Saturday, February 23, 2013
Still more on China-Philippines UNCLOS arbitration: the significance of China's 2006 declaration against UNCLOS dispute settlement
Some commentators on my first post on this issue have raised the following objection:
First commenter: "Sorry but China made a reservation when ratifying UNCLOS and expressly does not accept the compulsory dispute settlement regime under s 287."
Second commenter: (a) "The researcher commenting in the Global Times is actually right. When China ratified UNCLOS, it made a reservation which excludes all forms of dispute settlement in section 2 of part XV of UNCLOS (see http://www.un.org/Depts/los/convention_agreements/convention_declarations.htm#China%20Upon%20ratification). These kinds of reservations, although unfortunate for those in favour of increased international adjudication, are perfectly legal and it therefore does seem that the arbitral panel is without jurisdiction."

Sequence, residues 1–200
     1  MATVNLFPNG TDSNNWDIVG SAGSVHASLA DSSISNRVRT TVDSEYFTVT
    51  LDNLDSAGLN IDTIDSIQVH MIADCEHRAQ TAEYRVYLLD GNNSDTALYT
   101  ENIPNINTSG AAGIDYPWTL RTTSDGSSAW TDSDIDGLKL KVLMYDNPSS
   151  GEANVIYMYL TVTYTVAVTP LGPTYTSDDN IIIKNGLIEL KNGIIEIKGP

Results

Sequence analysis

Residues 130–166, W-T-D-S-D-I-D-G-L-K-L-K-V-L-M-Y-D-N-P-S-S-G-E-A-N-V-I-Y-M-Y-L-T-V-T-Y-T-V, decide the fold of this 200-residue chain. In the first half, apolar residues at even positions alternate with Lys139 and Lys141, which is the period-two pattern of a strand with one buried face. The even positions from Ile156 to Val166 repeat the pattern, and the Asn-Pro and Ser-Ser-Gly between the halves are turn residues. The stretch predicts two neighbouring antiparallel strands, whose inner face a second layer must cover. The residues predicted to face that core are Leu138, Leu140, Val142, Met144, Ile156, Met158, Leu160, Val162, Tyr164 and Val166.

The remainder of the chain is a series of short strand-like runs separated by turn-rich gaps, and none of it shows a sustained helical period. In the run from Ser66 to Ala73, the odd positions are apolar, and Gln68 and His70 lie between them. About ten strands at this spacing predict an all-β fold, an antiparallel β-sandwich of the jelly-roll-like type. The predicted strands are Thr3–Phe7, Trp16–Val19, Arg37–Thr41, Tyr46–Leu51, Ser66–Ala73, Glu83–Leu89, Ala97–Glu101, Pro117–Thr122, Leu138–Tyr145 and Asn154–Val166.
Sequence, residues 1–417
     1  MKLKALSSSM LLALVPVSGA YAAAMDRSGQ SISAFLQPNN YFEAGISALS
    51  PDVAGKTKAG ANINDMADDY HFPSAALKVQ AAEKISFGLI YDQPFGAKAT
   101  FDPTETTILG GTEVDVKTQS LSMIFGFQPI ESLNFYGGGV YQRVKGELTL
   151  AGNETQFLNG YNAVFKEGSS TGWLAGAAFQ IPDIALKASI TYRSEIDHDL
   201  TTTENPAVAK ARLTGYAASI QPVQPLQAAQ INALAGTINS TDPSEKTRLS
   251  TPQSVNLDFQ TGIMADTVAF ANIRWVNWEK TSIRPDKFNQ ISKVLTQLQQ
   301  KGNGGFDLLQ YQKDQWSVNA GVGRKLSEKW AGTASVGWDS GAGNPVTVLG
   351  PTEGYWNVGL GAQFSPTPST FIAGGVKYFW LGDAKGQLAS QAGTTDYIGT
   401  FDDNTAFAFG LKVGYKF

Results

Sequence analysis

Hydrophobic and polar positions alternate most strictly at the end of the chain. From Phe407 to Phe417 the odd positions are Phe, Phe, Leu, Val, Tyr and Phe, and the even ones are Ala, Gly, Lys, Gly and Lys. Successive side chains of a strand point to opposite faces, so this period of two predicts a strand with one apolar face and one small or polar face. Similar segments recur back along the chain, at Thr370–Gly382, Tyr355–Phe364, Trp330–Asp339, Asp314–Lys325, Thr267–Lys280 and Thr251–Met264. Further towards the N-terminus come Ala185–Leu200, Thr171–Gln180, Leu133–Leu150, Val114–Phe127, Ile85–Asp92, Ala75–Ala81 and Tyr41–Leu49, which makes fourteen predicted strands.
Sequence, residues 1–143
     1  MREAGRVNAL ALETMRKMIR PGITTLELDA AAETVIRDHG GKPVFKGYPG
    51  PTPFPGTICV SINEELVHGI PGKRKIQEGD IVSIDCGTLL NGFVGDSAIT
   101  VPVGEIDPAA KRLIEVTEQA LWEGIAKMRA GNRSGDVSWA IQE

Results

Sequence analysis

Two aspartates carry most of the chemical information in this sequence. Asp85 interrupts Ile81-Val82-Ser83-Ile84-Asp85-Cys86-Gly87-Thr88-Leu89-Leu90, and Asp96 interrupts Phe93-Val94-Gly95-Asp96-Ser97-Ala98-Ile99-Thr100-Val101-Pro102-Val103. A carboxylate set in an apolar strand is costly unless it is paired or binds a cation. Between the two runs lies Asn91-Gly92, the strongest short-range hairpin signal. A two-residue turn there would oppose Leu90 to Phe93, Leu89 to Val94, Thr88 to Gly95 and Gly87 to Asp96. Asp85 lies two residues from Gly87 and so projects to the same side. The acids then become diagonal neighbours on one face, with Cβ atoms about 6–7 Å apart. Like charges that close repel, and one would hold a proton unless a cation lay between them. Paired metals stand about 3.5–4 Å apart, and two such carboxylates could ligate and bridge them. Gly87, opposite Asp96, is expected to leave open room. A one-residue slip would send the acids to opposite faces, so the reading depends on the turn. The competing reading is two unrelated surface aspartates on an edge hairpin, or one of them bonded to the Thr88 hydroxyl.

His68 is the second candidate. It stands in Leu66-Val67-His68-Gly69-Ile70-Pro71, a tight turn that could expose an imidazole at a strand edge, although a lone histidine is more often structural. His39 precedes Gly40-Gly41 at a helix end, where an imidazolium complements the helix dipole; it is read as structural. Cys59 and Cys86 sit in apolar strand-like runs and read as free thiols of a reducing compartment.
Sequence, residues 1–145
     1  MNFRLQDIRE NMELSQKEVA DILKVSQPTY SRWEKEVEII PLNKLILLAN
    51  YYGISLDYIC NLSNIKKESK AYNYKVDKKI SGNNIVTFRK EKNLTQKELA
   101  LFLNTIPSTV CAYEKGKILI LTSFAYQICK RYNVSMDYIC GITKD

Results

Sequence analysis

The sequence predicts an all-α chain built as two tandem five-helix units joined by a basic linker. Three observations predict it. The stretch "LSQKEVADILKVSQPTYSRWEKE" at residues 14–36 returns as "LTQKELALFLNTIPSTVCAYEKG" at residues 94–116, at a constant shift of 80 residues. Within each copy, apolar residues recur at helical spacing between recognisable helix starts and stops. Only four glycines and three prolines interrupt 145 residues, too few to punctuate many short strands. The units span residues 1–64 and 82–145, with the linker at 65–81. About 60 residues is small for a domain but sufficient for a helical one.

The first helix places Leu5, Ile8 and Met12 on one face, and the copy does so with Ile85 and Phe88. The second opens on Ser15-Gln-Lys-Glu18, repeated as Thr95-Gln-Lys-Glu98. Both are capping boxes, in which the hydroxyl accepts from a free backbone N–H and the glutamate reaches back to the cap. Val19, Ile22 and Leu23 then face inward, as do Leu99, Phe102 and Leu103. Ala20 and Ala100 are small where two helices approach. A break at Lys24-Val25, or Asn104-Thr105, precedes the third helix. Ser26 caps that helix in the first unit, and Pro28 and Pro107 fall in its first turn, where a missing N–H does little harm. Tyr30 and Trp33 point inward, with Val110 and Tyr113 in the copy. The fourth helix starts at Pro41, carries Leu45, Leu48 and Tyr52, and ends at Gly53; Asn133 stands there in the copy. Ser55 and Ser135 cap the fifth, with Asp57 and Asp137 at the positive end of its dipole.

Second commenter (b): "A correction to my earlier post: China made the Declaration in which it does not accept the dispute settlement provisions of UNCLOS (which would normally be a reservation) ten years after ratification, which raises issues under treaty law; most likely the Declaration is invalid, but the question is who decides."
I appreciate the comments, but don't agree with them. First, it is not crystal-clear that China's declaration in fact covers the current dispute. The Philippines was of course aware of China's declaration and strove to phrase its case in a way that avoided its effect. For an excellent analysis (with hyperlinks) of the effect of China's declaration and its applicability to this case (concluding that China has a good case but not an airtight one), see this blog post.
Second, and most important, is the issue raised in the last part of Second commenter (b)'s statement: "the question is who decides." Exactly. My point is that this is not in fact a question. The arbitral panel decides. The parties do not get to be judge in their own case even on issues of subject-matter jurisdiction. Once challenged, they have to make their arguments in front of an arbitral panel.